in the big picture, google crushed print advertising and this is their chance to bring analytics to the tv world and get that revenue. emily: i interviewed the youtube ceo toward the end of last year and asked her about her vision for the future. she said she imagines the youtube will be a platform for all of these different media companies. take a listen. >> if you fast forward 10 years, you will see a new generation of media companies that have strong followings, are able to create amazing content. it will be global, they will interact with their fans in all sorts of amazing ways. i am looking forward to being part of that.
emily: we know anything about the numbers? can youtube or is youtube competing with netflix, hulu, amazon? can they give them a run for their money? chris: no doubt about it. these online video companies are promoting their wares. a lot of amazing technology, targeted advertising, tracking every single viewer. we see a dramatic turnaround even for youtube. just a month or so ago, big advertisers were canceling. there was controversy, they did not want their ads placed next to beheading videos. now johnson & johnson, is now an advertiser for a big youtube show. they are embracing online advertising. with all this spending, you will see viewers. emily: how is it different from what you to have done in the past? chris: they had a push five years ago to produce $100 million to produce original content.
this time there is an effort to create content with people that have both online followings and traditional followings. ellen degeneres, for example. a lot of this is timing. this is the tipping point this year for online tv. emily: comedian kevin hart, a lead -- ellen degeneres, others will be producing these scripted shows. you will be charged and watching all the new original content out there. thank you so much. coming up, we bring you the top tech headlines of the week, including the possible criminal probe into uber. if you like bloomberg news check us out on the radio and sirius xm. this is bloomberg. ♪ the show's about to start! how do i look?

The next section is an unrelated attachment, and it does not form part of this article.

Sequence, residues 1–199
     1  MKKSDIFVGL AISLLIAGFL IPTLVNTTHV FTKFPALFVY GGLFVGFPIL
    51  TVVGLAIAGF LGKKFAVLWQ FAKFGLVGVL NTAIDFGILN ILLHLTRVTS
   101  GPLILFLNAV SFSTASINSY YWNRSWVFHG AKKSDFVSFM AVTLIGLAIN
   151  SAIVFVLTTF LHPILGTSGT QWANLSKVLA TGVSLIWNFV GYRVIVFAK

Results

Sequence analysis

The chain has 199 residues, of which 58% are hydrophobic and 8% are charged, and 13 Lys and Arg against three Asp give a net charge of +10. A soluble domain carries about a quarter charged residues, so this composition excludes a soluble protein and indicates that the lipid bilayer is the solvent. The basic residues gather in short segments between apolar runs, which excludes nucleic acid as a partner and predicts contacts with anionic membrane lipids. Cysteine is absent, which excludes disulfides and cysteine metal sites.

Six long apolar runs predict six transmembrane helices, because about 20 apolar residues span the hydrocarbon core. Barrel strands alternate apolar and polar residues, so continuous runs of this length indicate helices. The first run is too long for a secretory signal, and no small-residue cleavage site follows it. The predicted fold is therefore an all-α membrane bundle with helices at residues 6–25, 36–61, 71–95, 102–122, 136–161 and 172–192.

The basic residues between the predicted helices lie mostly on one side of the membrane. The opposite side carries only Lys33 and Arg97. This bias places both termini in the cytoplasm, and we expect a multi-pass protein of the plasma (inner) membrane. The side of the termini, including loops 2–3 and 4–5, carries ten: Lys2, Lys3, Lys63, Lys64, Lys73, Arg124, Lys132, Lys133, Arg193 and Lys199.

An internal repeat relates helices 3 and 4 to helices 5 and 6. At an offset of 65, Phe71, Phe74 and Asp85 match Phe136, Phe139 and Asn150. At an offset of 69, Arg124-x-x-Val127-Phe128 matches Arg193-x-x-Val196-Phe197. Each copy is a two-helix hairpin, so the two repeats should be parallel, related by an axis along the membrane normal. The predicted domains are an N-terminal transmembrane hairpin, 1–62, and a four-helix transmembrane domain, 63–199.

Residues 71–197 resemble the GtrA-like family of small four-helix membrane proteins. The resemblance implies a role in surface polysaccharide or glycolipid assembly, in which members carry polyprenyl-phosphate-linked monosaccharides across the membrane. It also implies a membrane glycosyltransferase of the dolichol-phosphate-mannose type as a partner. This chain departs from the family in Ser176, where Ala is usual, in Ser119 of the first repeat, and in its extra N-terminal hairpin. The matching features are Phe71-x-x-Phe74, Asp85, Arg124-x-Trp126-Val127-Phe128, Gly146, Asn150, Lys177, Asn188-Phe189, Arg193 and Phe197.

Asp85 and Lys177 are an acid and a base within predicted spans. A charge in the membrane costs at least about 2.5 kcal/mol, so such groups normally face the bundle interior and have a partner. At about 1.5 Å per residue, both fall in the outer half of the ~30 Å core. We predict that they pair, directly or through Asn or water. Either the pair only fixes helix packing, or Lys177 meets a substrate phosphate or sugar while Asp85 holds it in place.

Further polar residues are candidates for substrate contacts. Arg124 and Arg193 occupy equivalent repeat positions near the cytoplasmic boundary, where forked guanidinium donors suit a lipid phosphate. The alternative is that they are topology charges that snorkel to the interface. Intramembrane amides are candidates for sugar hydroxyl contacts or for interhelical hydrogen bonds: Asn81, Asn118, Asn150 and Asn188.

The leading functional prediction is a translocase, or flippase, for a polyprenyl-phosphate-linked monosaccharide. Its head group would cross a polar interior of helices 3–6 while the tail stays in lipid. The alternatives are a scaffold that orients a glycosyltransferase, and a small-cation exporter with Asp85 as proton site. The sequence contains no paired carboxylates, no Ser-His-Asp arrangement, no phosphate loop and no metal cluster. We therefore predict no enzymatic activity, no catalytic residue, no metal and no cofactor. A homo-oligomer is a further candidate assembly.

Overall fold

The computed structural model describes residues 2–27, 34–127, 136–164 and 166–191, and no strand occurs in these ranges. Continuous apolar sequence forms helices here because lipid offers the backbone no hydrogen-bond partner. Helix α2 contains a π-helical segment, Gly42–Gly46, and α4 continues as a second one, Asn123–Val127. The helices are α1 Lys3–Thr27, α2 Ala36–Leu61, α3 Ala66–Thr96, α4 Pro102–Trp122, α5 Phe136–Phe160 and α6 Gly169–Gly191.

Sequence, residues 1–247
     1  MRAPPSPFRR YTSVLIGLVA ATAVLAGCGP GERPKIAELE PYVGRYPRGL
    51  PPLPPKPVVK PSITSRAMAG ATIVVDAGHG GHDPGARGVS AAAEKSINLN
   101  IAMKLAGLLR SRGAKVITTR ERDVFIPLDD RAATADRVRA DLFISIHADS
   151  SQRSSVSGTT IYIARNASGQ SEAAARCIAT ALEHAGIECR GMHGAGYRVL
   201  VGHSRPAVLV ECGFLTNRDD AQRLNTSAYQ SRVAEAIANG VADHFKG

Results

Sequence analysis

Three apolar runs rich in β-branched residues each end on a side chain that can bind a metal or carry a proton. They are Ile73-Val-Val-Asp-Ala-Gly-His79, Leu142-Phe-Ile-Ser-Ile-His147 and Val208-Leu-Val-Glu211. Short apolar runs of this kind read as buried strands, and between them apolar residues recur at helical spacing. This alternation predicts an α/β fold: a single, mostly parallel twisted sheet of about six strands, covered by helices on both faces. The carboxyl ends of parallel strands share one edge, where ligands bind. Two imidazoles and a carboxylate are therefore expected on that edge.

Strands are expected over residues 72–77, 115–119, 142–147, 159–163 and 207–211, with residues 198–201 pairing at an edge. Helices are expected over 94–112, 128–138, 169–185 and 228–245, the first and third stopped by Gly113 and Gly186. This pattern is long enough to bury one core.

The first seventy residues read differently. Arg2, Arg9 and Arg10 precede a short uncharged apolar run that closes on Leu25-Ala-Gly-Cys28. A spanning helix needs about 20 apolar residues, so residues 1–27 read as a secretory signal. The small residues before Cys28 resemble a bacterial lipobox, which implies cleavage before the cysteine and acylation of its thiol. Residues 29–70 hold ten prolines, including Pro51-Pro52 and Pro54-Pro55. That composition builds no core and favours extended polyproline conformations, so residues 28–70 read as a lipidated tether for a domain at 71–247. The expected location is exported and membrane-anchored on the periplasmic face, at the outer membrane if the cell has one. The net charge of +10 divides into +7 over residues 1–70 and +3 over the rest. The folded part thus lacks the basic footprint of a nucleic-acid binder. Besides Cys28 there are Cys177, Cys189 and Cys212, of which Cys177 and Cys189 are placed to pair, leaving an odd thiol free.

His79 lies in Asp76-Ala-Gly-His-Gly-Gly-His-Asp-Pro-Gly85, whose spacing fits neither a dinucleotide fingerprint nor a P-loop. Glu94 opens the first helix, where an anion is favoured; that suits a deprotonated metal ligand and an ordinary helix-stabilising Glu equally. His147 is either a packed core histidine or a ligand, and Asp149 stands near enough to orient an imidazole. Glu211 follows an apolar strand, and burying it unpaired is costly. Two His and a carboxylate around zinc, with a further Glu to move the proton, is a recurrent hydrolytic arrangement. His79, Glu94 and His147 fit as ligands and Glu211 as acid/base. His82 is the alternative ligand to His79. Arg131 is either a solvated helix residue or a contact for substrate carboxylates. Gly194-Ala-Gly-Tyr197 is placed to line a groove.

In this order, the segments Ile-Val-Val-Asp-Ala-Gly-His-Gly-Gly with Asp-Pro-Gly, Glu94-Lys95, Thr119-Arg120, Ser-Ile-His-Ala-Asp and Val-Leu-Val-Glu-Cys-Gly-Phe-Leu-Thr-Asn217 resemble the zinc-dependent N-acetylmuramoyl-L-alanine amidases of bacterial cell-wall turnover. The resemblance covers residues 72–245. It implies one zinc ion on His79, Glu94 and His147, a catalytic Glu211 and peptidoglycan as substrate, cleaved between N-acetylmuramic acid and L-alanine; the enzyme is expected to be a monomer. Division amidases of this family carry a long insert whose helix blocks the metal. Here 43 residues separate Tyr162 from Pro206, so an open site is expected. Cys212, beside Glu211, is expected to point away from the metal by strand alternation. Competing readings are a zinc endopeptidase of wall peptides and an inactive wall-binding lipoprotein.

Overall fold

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alisa: i'm alisa parenti in washington and you are watching "bloomberg technology." let's start with the check of your first word news. french presidential candidate marine le pen was pelted with objects at a local cathedral. protesters are mostly supportive of emmanuel macron. we will bring special coverage of the french presidential election runoff result on sunday. activist with the environmentalist group greenpeace unveiled a banner from the eiffel tower contain the french national motto. it was removed after 45 minutes. a conservative cleric running for president of iran, said the nuclear deal with the u.s. must be respected.